A game-changing new neural network for segmentation
One of the bottlenecks right now is segmentation, but this brand new area will greatly benefit from AI, Alberich believes. ‘Many engineers choose to subspecialise in segmentation right now, compared with, say, image registration because, as a new field emerges, new questions are raised and there is room for improvement,’ he said. In coming years, every work process including medical imaging will have to implement AI based segmentation because it will help save large amounts of time.
The U-net, a convolutional neural network that was developed for biomedical image segmentation at the Computer Science Department of the University of Freiburg, Germany, has been a real game-changer in segmentation and more generally radiology, Alberich explained. ‘The network’s modified architecture elegantly outperforms its predecessor, the sliding-window convolutional network,’ he said, ‘and the U-net can work with fewer training images, yet yield more precise segmentations,’ Quibim also uses deep supervision to generate output segmentation masks combining multi-layer and multi-resolution information. ‘Most of the critics on AI now target so-called ‘black box’ solutions, with one entry point and one exit point. So, an interesting line of work for us now is to get as much information as possible on the network’s dark layers to improve results and make the tool more understandable,’ Alberich explained.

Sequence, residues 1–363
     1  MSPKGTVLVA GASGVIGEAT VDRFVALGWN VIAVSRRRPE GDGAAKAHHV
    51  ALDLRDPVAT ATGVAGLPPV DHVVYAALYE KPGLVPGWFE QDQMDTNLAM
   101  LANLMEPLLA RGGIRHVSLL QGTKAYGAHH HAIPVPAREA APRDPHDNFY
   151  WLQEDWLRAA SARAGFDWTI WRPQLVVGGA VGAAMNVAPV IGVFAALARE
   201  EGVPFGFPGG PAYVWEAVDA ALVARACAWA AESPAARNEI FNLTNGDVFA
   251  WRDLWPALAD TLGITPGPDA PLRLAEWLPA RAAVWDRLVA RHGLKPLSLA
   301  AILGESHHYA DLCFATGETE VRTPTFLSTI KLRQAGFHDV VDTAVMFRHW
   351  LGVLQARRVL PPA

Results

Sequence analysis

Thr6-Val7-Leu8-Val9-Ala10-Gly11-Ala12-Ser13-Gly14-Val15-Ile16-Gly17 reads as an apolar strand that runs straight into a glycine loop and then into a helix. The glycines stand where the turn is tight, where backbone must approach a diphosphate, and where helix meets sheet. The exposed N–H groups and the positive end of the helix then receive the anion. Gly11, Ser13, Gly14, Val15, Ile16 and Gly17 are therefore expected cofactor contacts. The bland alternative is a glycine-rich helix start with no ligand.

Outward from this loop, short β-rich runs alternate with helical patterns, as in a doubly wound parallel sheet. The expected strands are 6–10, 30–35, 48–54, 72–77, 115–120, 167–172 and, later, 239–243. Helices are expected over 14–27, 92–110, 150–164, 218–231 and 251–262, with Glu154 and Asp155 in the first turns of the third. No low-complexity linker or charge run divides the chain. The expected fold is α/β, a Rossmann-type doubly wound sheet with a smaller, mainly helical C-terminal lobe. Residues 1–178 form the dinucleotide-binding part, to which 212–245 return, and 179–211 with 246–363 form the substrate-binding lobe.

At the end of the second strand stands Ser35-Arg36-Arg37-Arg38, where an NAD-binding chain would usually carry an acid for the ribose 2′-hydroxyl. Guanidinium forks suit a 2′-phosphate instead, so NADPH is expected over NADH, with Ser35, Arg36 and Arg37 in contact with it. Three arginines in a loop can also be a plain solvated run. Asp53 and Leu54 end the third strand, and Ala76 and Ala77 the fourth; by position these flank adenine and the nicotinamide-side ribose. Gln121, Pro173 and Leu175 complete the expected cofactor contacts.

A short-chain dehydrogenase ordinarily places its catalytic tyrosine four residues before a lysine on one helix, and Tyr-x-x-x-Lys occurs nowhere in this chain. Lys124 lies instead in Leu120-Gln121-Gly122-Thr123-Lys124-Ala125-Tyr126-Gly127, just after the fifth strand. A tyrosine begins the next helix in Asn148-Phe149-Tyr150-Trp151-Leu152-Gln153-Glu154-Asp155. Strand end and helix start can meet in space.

More perspectives lead to better insights
Segmentation techniques have already improved cartilage diagnosis, a service that was long confined to few specialised centres. ‘It used to take a biomedical engineer hours to segment the cartilage manually, and then parcel and calculate its properties,’ he pointed out. ‘Now the whole process is much faster and similar to virtual arthroscopy, which can be of value to orthopaedic surgeons. So we’re very interested in this potential.’ Alberich and his colleagues are notably working to label images in all planes, to improve results. ‘There may be errors in the liver when using only one network, which has been trained with either transversal, sagittal or coronal images. But when we combine all the information and generate a tissue probability map, liver segmentation is almost perfect,’ he explained.